Medical Cannabis Dispensaries Continue to Open in Mountain State | News

FAIRMONT — Although Governor Jim Justice signed a bill legalizing medical cannabis in West Virginia in April 2017, there are fewer than 5,000 medical cannabis patients in the Mountain State.

The state Office of Medical Cannabis held public enrollment events at two Trulieve Medical Cannabis dispensaries in Weston and Morgantown late last November. Since then, many new dispensaries have opened throughout the state.

“These events were very successful,” said Jason Frame, Director of the Office of Medical Cannabis.

Frame said enrollment events held at the Trulieve sites in Morgantown and Weston last November registered 30 to 40 new patients each.

While these numbers may seem low, medical cannabis is only available to people with serious medical conditions under the West Virginia Medical Cannabis Act.

Residents of West Virginia may qualify for medical cannabis who are terminally ill or have pain due to cancer, HIV/AIDS, ALS, Parkinson’s disease, multiple sclerosis , spinal cord injury, epilepsy, neuropathy, Huntington’s disease, Crohn’s disease, post-traumatic stress disorder, refractory seizures, sickle cell anemia, or severe chronic or refractory pain.

Employees of the Trulieve Dispensary in Morgantown said some medical cannabis companies are hesitant to set up shop here because of West Virginia’s patient base of around 5,000 users. But that didn’t deter everyone.

Employees at the Trulieve site in Morgantown said three new dispensaries are currently under construction in north-central West Virginia.

Cannabis Beckley opened Friday in the downstate. Its parent company, Columbia Care Inc., plans to open a Cannabist location on Don Knotts Boulevard in Morgantown later this year. Cannabist’s first location opened in Williamstown on February 4. Another dispensary called Pure Leaf has been built over the past four to five months and is set to open off Pierpont Road by iHop.

Bridgeport is set to get its first medical cannabis this year called Hill Fire.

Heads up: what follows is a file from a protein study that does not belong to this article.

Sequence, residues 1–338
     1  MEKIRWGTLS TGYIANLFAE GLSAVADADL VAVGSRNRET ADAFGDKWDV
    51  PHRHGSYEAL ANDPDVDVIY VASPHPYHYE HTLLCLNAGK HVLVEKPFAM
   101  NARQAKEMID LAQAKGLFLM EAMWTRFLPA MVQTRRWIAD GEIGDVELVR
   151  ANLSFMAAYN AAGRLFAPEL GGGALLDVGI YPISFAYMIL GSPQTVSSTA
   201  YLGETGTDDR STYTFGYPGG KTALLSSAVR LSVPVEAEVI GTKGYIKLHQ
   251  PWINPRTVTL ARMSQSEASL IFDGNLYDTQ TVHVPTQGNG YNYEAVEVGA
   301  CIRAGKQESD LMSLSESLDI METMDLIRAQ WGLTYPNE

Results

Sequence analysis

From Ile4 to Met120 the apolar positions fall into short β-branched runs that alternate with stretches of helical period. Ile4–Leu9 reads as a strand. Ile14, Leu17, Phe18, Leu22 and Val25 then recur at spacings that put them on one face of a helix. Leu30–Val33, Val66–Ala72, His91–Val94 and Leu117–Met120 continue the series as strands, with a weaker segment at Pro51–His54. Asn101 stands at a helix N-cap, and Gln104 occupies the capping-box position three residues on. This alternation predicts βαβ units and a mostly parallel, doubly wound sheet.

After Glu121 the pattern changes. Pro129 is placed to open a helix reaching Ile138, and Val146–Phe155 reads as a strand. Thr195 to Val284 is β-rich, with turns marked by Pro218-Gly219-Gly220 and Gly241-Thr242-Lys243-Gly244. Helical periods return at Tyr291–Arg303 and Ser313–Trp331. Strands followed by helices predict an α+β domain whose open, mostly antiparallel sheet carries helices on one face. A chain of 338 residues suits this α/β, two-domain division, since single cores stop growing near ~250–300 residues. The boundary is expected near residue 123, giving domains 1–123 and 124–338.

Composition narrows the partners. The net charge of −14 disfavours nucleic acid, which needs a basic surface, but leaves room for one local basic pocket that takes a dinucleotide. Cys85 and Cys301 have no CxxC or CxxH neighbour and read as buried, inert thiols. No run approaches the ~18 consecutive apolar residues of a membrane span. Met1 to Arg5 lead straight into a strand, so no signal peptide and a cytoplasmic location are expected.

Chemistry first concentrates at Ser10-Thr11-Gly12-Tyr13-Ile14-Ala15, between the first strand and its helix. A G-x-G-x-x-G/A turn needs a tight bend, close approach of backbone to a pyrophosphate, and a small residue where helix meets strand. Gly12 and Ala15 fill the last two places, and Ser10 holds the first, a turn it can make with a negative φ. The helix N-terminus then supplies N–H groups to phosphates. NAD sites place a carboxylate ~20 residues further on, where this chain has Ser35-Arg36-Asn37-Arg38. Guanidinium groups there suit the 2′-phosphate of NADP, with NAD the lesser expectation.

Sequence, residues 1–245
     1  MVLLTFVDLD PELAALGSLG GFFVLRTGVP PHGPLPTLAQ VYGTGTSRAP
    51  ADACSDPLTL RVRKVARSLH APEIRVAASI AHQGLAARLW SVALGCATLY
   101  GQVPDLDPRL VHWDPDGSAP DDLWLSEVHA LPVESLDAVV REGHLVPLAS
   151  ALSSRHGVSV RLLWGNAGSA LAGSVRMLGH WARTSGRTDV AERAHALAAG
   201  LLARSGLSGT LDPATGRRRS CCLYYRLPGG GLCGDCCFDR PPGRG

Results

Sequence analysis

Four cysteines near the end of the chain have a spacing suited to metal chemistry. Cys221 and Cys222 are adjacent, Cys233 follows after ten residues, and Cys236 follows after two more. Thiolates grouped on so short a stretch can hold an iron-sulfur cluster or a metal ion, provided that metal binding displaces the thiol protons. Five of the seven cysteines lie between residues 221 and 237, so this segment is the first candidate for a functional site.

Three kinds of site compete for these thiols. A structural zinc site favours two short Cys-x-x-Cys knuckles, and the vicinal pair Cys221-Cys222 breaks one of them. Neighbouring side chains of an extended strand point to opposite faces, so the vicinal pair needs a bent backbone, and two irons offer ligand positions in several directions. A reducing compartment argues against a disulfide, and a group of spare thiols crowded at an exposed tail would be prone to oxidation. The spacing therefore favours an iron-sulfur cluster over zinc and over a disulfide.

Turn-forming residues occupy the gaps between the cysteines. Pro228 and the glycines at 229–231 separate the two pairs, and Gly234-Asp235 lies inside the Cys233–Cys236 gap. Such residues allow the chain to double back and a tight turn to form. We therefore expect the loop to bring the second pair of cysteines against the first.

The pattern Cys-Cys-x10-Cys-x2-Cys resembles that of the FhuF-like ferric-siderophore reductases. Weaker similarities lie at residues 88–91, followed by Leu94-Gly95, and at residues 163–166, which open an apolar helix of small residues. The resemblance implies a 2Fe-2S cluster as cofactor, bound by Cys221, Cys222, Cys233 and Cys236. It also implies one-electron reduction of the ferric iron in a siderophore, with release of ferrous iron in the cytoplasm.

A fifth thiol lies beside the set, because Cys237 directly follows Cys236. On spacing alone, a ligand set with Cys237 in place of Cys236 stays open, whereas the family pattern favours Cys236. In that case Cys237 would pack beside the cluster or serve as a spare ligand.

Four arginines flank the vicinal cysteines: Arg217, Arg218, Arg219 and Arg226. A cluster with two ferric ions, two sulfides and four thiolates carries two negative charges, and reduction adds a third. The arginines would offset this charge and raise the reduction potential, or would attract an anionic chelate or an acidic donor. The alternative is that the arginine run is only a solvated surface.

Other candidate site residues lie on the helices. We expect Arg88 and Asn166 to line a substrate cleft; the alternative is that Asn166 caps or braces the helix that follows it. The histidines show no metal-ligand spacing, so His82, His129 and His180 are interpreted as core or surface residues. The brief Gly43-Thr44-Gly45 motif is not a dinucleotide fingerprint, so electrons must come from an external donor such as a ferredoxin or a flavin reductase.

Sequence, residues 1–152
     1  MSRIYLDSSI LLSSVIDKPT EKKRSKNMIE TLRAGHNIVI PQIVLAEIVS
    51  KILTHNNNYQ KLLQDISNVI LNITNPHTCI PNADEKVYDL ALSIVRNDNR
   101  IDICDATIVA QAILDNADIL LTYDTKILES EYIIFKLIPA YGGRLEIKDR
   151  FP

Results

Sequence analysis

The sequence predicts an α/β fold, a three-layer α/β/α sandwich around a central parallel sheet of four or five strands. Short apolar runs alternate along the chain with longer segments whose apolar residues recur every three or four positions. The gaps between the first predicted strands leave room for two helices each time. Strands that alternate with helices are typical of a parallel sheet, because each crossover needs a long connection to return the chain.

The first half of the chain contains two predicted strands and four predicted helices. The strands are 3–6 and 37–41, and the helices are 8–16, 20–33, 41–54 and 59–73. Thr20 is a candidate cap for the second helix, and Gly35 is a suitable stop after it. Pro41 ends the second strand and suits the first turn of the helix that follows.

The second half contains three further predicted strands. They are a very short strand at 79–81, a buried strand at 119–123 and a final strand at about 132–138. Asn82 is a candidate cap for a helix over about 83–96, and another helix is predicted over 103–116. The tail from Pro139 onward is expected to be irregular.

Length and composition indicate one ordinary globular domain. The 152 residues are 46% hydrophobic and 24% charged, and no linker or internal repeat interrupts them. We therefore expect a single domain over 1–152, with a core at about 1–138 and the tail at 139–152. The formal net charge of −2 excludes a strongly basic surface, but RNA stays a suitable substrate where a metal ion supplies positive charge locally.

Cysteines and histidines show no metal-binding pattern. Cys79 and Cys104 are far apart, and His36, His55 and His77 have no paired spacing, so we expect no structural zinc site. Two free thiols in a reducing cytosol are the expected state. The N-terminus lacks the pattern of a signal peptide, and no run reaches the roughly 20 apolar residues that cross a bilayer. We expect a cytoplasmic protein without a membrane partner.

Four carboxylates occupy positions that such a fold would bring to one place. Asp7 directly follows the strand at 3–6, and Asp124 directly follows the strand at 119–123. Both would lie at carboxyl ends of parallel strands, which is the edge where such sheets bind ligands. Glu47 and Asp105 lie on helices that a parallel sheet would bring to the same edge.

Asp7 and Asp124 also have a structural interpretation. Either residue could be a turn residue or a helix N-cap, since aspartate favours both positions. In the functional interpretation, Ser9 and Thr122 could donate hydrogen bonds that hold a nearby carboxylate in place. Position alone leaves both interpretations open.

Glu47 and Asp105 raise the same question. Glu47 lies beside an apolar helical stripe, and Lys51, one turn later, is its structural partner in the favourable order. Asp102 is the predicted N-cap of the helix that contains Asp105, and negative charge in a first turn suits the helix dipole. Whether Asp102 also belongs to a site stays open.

Frame said more enrollment events are expected to take place in the future, but the Office of Medical Cannabis has stopped holding sponsored public enrollment events, in an effort to avoid unnecessary exposure to patients and to staff in light of the most recent outbreak of COVID-19 cases.

“People have been waiting for this industry to rise,” Frame said.

Frame mentioned that several former Mylan Pharmaceuticals employees had been recruited to work at the Harvest Care Medical commercial production lab located in Bridgeport. However, he declined to comment further on the impact of medical marijuana on the pharmaceutical industry in West Virginia.

Since marijuana is still federally prohibited, no raw materials can be imported through interstate commerce. Thus, the new demand was met locally. Frame said permits have been approved for 10 production, 10 processing and 100 dispensary locations in West Virginia. It’s only a matter of time before all 120 sites are fully operational.

Andrea Lannom, public information officer at the Office of Medical Cannabis, said an estimated 2% of West Virginia’s population, or approximately 40,000 residents, may be eligible for a medical cannabis card when the program will be fully mature. The Office of Medical Cannabis expects the licensed medical cannabis industry to mature alongside increasing patient access across the state.

The Office of Medical Cannabis encourages patients and those interested in medical cannabis to visit their website at or contact their office at 304-356-5090 for more information.

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